First, it may be possible for you to tell a person that they are negative, judgmental, have a problem with "Am I good?", etc. However, it may not go well especially if they are used to engaging in "projective identification"; blaming you for how they feel, even things that they do. Besides, it violates our rule of "giving people a conclusion". This is something that they need to recognize on their own. Doling out blanket statements is generally not helpful.
In line with that, what you can do is make valid complaints. These are actionable items in response to something a person said or did - or didn't say or do. If they are yelling at you or being verbally abusive, you can tell them that you will leave the conversation if they keep raising their voice or that you will not let them talk to you with curse words or use derogation. These are indisputable facts so they can't be argued so to speak. Plus, you are implicitly telling them how to behave. You are saying "hey, if you have a problem with me, tell me specifically what it is so I can stop or start doing it". Even if they are being unfair, this is a way to de-escalate the situation. Their problem is being handled and deflated, although you want to avoid constantly being on the defensive. If someone wants to find fault, they can be persnickety and do so.
What is also key in the above is you remaining calm. Remember that when a person is jacked up, if you respond in kind they can focus on what you did and not that they instigated it. Yes, it can be tough to be saint-like at times like this, but that's what it takes. If you do it enough and get good at it the other person will be left to remember their out of control behavior and you being composed. A firm "look them in the eyes" can also unnerve them.
It is really important in all cases that you refuse to tolerate abuse. You do *not* want to enable them. We all have a right to physical and emotional safety. If they are flooding you - overwhelming you with words and behavior - you can say "stop, I am overwhelmed" or even "I am feeling abused". The aggressive forms of abuse - physical, verbal, and sexual - are usually clear to everybody. However, the passive forms - emotional, economic and mental / psychological - can be harded to pinpoint. When a person withholds things - like money or even the truth - or obstructs you, that is also abuse and should never be tolerated. But again, when this happens to you, focus on what "you" need to solve the problem. Saying something that a person cannot respond to is also abusive.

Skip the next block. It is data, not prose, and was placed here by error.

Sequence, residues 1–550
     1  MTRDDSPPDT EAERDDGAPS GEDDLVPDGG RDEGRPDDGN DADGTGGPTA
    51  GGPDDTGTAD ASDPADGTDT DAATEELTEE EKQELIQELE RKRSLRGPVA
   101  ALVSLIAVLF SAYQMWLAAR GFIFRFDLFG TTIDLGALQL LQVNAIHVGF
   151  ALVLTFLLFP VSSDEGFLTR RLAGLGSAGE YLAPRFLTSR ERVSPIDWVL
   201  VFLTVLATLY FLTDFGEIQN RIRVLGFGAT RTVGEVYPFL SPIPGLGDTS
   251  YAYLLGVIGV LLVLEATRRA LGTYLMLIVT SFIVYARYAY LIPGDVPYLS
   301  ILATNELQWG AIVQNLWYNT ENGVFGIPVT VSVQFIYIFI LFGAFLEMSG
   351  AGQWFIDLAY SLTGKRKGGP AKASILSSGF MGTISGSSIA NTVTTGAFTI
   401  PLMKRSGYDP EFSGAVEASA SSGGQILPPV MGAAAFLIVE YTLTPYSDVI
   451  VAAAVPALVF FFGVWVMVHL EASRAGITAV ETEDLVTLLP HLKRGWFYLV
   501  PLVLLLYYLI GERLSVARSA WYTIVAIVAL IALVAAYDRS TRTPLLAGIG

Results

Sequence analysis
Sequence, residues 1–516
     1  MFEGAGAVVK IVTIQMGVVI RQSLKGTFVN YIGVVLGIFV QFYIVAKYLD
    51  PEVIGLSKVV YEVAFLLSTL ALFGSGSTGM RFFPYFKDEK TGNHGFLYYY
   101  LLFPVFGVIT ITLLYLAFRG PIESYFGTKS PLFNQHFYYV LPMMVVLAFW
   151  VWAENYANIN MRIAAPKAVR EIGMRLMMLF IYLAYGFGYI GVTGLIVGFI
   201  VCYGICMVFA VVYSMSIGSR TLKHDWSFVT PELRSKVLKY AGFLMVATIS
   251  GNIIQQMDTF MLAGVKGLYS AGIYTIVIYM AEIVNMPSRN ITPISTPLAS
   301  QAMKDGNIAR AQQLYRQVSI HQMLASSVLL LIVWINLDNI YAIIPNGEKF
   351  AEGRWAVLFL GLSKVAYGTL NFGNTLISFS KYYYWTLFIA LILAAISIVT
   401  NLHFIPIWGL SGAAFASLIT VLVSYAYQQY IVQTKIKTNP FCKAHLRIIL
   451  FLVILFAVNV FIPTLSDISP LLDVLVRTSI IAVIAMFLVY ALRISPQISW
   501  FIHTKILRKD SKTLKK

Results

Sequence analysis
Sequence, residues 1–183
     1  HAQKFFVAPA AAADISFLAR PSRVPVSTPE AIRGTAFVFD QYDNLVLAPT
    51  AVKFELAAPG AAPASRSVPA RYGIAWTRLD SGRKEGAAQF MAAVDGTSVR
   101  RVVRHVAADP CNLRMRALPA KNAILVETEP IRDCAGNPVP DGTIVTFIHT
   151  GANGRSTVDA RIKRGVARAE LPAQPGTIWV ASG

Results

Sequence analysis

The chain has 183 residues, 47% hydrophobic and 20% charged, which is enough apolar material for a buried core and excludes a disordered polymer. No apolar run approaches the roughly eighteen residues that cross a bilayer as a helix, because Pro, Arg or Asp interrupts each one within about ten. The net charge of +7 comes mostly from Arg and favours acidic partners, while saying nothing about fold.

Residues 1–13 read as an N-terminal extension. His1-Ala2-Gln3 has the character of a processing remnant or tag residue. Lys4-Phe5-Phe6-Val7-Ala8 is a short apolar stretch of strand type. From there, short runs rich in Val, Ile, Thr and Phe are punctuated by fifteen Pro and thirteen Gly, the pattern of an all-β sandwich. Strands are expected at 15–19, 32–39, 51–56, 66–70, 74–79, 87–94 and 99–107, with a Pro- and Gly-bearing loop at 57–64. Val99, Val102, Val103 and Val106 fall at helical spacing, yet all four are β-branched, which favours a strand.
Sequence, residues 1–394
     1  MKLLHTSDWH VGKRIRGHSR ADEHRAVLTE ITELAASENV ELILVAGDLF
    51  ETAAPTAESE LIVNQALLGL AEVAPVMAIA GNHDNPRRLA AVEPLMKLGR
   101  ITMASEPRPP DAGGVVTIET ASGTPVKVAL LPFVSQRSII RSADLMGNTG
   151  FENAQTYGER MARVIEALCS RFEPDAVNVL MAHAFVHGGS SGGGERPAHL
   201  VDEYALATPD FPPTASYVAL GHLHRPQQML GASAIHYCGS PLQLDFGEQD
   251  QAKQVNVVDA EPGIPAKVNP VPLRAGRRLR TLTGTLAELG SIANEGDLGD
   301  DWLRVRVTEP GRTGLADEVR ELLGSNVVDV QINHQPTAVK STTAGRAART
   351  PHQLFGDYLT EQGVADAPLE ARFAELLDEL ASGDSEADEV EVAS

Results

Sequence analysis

Ultimately, and this can be a tough point, you must keep open the abilty to walk away. This can be super tough when you are economically dependent upon a person or share a family with them. However, in the former, you need to ask yourself if you wish to be a paid masochist. And, in the latter case, do you want to subject others - children especially - to this behavior or, worse, teach them that it is okay and that they shouldn't stick up for themselves. In the end, that's what this is about. Often, a person with "Do I have value?" issues gets locked in with those with "Am I good?" issues. They value the emotions of someone else above theirs, so they accept it, even when it is clearly wrong.
The sad part is that people like this walk around with open wounds. They can be very tough to deal with. You may want to give them the safe space and nurturing that they didn't get as children, and you should as long as you draw a line as to how they treat you and others. After all, this is how reform works. At the same time, you must not lose yourself in the equation. You matter as well. And if you tolerate someone who is negative - whether they're a spouse or a boss or whoever - you are not only using some cognitive distortion to justify your silence, you are emboldedning their undesirable behavior and enabling them to go after others. Don't. If there is enough push-back by enough people, even the most belligerent of folk will see the light and start to wonder if they can continue to "get away with it". Again, do *not* respond in kind, but absolutely positively do *not* allow someone to treat you without the respect and civility we all deserve.
|Do I have Discretion?|
|Am I Good?|